SECOND BLUNDER: ONE GUAGE FOR ALL PRESSURE RANGES
The second blunder is that not only that the vulcanizers use the pencil type of gauge, they use one gauge for all tyre pressure.
Using one gauge for all pressure measurements is a blunder. Why?
Every gauge has a calibration range designed for a certain pressure group and will only be accurate when used for such pressure group. Gauges are accurate when used to measure pressures whose values fall within the middle range of the gauge.
For instance, if you have a gauge with range 0-60psi, the middle range is 30psi. This gauge will be accurate for pressures whose values fall around 30psi. So pressures that should be measured with this gauge should be about 25-35psi.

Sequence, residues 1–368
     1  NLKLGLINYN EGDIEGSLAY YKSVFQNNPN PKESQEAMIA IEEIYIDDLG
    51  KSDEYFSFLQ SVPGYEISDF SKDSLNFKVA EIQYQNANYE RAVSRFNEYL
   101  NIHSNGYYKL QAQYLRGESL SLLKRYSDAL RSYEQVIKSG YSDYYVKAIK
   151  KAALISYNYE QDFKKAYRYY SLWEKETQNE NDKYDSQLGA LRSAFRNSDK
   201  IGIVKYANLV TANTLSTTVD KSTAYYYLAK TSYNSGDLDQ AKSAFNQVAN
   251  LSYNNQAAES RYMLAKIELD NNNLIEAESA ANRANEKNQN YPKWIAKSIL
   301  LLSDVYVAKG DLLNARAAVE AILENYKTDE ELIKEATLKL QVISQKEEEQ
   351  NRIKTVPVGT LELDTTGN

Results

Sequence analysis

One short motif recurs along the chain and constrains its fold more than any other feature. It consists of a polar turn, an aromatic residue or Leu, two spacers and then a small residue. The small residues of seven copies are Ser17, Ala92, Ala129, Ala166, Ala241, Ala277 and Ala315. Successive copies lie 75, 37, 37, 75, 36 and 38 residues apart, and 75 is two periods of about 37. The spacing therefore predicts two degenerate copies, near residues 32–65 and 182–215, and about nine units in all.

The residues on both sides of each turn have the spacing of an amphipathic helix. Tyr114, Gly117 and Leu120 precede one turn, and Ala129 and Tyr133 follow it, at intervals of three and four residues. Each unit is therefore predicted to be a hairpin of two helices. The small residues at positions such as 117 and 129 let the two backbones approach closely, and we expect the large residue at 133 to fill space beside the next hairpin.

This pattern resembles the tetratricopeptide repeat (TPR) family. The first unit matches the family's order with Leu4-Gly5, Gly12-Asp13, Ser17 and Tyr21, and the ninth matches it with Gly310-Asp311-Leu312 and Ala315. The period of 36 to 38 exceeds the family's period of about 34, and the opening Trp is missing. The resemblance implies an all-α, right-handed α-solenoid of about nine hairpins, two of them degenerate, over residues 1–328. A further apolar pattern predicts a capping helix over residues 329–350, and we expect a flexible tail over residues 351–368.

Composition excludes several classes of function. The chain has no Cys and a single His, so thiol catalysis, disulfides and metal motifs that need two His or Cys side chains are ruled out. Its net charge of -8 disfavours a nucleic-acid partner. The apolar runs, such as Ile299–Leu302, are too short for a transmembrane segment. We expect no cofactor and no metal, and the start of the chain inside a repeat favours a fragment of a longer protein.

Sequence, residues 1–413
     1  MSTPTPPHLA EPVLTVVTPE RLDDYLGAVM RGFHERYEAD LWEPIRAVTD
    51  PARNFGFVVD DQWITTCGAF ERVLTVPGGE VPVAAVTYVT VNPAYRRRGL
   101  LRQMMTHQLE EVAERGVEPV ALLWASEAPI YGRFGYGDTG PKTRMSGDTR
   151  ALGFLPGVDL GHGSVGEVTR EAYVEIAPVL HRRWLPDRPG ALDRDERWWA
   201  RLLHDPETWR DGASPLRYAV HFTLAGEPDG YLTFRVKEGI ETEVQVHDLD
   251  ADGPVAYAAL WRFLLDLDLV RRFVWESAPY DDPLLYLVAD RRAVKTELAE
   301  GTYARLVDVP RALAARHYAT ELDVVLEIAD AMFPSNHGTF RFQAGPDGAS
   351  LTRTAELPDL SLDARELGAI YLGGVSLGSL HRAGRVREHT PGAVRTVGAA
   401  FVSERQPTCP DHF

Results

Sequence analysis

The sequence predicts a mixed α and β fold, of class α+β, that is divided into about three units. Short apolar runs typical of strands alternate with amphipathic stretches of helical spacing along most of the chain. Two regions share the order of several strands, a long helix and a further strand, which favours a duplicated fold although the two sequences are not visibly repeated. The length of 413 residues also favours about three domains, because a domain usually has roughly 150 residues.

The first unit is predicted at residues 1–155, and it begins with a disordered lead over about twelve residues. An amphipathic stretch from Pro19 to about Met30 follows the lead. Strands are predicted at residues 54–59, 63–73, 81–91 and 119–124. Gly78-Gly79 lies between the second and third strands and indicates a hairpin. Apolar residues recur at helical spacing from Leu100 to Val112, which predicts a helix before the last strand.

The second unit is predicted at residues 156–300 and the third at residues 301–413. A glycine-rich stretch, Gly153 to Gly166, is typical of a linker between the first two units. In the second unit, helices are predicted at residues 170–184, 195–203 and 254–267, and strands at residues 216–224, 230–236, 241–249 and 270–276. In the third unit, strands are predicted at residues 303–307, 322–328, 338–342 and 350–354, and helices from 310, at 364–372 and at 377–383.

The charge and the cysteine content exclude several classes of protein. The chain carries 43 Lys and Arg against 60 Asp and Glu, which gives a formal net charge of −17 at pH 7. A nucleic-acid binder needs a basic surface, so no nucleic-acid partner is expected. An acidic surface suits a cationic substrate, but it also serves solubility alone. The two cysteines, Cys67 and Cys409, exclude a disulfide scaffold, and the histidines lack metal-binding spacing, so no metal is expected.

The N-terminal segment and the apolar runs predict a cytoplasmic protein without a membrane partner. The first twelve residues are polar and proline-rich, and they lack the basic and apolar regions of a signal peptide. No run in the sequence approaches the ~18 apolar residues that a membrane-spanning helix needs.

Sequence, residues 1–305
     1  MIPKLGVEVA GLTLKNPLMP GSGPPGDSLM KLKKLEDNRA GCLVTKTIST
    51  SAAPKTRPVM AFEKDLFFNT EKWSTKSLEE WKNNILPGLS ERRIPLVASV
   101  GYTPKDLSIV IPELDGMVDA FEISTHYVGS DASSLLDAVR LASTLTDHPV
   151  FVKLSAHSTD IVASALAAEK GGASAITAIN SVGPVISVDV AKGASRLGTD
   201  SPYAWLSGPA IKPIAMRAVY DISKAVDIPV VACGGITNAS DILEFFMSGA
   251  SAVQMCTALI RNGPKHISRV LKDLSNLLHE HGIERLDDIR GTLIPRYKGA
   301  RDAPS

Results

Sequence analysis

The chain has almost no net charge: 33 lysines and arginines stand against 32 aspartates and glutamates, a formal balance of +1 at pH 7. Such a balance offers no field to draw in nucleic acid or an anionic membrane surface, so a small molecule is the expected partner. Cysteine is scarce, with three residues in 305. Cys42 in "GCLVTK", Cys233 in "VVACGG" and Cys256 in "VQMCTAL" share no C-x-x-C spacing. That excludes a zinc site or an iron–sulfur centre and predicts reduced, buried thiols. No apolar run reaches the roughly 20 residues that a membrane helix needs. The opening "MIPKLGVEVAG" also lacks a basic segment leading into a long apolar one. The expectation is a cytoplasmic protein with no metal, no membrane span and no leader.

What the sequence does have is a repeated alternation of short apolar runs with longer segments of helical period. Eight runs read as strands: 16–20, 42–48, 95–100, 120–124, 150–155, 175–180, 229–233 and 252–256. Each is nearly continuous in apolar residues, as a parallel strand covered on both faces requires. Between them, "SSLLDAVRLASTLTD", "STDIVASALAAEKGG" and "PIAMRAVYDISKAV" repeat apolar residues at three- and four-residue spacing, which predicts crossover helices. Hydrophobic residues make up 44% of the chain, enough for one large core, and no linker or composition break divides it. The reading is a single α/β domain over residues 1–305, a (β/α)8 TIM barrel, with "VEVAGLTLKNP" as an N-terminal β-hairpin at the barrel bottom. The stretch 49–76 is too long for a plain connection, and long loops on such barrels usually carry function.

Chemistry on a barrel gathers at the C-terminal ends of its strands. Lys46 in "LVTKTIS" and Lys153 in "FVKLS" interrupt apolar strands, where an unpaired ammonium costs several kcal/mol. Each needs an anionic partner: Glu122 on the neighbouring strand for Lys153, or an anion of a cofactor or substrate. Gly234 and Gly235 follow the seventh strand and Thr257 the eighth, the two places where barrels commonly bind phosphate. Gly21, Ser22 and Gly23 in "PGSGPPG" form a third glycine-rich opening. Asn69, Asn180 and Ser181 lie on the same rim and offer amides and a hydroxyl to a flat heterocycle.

Gauge of range 0-100psi should be used for pressures of 45-60psi or close. Gauge of range 0-160 should be used for pressures of 75-120psi. So if one uses a gauge not designed for a particular pressure group, one will get incorrect and misleading reading.
Unfortunately, the vulcanizers are innocently ignorant of this. Most of them use 0-160psi or 0-120psi gauges for all their tyre pressures, thinking that a wide ranged gauge should accommodate all the tyre pressures they measure. This sounds logical but grossly wrong and very dangerous.
You can imagine the combine effects of blunders 1 and 2 discussed above.
A NEED FOR A PERSONAL DIAL TYRE GAUGE